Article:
Canada’s foreign affairs minister says violent white supremacists and other far-right groups threaten the country's stability and should be the primary focus of the international community’s counter-terrorism efforts, including by stopping the spread of hate online.
Chrystia Freeland told the United Nations Security Council on March 28 that she felt a "personal responsibility" to denounce white supremacist attacks "as the foreign minister of a majority white and majority Christian country."
The minister referred to the attacks in Christchurch, New Zealand, where a white supremacist gunned down 50 Muslims at two mosques who were gathered for Friday prayers. “As a Canadian, this attack was all too familiar," she said. "Two years ago, a terrorist killed six people in a Quebec City mosque.”
She said “neo-Nazis, white supremacists, incels, nativists, and radical anti-globalists who resort to violent acts are a threat to the stability of my country and countries around the world.” Freeland added that those attacks "need to be at the top of our agenda when we talk about confronting terrorism.”
She called white supremacism “one of the most serious terrorist threats of the current age” and said the online spread of hate was “an international problem, and we need to act collectively to address it.”
Her remarks come one day after Facebook announced it would ban support for white nationalism and white separatism from its social media platforms. Also on Thursday, Facebook Canada’s head of public policy Kevin Chan described that policy in more detail, in remarks he gave in Ottawa.
Last week, a far-right protest was organized in Toronto by Patriots of Canada Against the Islamization of The West (Pegida Canada), a local chapter of a larger movement that has been fostering hatred towards Muslims. That demonstration, involving about two dozen people, was largely contained by a counter-protest of hundreds of people who stopped the anti-Muslim group from spreading their message on the streets of downtown.
Freeland also said hatred is “increasingly spread through the internet," in online forums and on social media. “We must be aware of this, and work to stop it," she said. "Our work cannot be undertaken in isolation. Each of our countries will of course address this issue in different ways, but we need to recognise that this is ultimately an international problem, and we need to act collectively to address it."
She said she felt an obligation to speak out following the Christchurch attack.
“In the wake of acts of terrorism carried out by Muslim extremists, Western countries often call upon Muslim countries and Muslim leaders to condemn those attacks in the name of their people and their faith," she said.
"It should follow that, as the foreign minister of a majority white and majority Christian country, I feel a specific and personal responsibility to denounce white supremacist attacks in the same way.”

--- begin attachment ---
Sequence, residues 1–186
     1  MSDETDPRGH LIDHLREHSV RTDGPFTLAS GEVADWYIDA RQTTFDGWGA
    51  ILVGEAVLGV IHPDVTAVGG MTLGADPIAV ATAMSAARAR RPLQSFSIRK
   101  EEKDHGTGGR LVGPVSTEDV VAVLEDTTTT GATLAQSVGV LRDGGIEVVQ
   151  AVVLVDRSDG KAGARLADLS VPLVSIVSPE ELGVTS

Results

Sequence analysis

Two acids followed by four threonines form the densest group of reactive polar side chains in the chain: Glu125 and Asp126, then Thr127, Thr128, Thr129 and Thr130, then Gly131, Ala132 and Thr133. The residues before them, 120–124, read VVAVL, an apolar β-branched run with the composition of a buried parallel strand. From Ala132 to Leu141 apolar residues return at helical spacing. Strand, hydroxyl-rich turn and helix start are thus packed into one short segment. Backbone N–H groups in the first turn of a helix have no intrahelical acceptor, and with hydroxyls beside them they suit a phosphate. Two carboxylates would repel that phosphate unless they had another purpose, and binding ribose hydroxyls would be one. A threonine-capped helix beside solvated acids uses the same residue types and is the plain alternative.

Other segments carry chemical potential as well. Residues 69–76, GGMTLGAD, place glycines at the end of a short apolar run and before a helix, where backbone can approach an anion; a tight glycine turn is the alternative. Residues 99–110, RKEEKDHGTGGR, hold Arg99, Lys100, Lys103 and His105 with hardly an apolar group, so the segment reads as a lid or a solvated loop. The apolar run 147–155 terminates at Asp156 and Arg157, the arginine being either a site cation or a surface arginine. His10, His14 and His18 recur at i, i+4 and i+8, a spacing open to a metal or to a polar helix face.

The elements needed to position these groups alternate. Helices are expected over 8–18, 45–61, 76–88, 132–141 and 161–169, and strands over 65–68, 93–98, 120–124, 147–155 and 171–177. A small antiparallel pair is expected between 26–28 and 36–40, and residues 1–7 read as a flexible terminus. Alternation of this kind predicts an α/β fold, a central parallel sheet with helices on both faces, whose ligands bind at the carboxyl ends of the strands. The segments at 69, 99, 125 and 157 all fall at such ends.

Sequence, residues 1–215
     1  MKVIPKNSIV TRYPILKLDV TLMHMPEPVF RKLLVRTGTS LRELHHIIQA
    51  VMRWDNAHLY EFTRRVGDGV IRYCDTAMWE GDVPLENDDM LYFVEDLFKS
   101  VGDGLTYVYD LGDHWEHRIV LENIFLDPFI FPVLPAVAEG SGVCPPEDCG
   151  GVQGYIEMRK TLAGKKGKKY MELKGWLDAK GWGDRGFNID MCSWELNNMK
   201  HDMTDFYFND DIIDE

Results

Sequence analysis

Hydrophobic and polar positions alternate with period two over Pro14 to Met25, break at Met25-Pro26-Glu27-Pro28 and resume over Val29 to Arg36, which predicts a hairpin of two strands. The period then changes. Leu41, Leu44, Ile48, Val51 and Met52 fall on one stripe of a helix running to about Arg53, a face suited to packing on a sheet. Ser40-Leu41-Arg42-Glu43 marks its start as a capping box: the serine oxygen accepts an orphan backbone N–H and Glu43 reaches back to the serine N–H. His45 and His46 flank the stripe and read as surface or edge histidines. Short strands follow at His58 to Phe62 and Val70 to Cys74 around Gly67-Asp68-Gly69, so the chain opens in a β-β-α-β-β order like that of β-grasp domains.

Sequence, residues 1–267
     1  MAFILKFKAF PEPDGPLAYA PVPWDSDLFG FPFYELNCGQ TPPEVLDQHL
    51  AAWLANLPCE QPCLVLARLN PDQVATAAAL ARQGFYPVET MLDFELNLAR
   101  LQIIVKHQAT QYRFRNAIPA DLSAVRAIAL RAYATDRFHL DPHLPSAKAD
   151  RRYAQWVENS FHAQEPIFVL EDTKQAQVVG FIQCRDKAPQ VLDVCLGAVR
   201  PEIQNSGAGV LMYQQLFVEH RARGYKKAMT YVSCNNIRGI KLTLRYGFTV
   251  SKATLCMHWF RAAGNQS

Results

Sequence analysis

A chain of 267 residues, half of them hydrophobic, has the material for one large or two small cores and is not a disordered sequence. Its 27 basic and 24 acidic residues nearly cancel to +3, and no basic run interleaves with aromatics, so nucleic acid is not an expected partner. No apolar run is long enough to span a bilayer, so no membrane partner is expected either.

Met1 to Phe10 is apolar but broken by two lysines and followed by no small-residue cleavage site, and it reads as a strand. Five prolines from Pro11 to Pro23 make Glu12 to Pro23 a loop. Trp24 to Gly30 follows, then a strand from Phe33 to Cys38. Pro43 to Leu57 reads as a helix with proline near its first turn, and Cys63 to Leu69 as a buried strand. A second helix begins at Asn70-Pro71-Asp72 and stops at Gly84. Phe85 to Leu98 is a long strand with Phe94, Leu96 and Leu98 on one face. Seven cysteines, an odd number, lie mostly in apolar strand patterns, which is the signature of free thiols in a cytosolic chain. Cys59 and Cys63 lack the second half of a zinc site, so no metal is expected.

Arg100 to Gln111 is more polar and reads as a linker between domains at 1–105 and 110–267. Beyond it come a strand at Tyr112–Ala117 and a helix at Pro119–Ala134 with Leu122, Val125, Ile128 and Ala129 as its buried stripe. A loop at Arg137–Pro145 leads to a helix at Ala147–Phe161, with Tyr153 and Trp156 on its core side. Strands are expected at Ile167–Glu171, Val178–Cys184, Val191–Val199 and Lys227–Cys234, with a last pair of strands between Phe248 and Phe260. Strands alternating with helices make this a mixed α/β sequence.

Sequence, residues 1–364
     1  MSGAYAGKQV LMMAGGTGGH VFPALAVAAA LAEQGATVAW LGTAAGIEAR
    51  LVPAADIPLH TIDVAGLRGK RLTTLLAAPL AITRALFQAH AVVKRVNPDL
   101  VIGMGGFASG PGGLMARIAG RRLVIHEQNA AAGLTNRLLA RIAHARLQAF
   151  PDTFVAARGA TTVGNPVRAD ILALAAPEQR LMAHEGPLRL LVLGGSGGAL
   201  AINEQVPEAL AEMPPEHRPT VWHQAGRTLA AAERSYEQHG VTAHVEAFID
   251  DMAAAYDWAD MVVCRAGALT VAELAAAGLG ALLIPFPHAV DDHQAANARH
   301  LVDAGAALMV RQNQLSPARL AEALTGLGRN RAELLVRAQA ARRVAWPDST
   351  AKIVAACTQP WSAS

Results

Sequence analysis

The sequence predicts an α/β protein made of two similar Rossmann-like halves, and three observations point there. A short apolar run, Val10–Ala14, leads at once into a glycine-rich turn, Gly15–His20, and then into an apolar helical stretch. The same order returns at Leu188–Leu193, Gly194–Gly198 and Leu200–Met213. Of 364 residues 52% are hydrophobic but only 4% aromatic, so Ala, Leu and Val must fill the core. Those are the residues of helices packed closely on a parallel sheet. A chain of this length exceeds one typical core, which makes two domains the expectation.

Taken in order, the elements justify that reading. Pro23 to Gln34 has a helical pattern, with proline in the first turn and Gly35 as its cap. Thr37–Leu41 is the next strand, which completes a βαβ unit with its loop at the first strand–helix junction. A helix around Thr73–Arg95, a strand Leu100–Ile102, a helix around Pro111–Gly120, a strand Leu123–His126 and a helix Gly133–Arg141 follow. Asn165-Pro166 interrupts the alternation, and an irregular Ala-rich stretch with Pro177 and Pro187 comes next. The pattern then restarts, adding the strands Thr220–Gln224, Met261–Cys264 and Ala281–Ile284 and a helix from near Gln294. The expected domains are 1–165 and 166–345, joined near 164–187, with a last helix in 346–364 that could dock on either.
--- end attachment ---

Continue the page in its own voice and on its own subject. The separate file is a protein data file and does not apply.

Facebook adding white nationalism to blacklist
The Christchurch suspect shared a live video of the attack on Facebook as it was carried out, gaining "about 4,000" views before Facebook pulled it down. But the content was copied and posted elsewhere online, and Facebook was then forced to remove over a million versions of it over the next 24 hours, as users re-uploaded it with variations to avoid detection systems.
YouTube also struggled to take down tens of thousands of versions on its platform. Both companies engaged in a tug of war with users over the banned video content. Both are now being sued by the French Council of the Muslim Faith for allowing the footage on their platforms.
On Wednesday, Facebook said it had consulted with members of civil society, academics and other experts, as well as conducted its own review of hate-based organizations — and had concluded that praising, supporting or representing white nationalism was inseparable from supporting hate groups.
Speaking at the Broadbent Progress Summit in Ottawa Thursday, Facebook Canada’s Chan said Facebook will be adding white nationalism and white separatism to its blacklist of people and organizations that it believes to be on a violent mission.
That means that the policy, expected to be enforced starting next week, will ban white nationalist groups and individuals from even “having a presence on Facebook,” which means they would be banned from having an account, a page or a group.
The blacklist, which is called “Dangerous Individuals and Organizations,” already includes groups involved in organized hate, as well as terrorist activity, mass or serial murder, human trafficking, and organized violence or criminal activity. Content that supports or praises groups or leaders in those categories is also taken down.
Chan compared the policy change to Facebook’s prior move to ban known terrorist groups like al Qaeda so they couldn’t recruit or radicalize people on the platform. Those groups became part of the “Dangerous Individuals and Organizations” list and were banned — irrespective of their content.
“So if it’s reported to us, we’ll take that down, and increasingly we have automated systems to get at terrorist content as well,” he said.
“And what we will want to do, moving forward — and enforcement will begin next week — with respect to white nationalism and white separatism, we’re basically adding these to our list of ‘Dangerous individuals and organizations’ and we will apply the same kind of playbook to this kind of challenge.”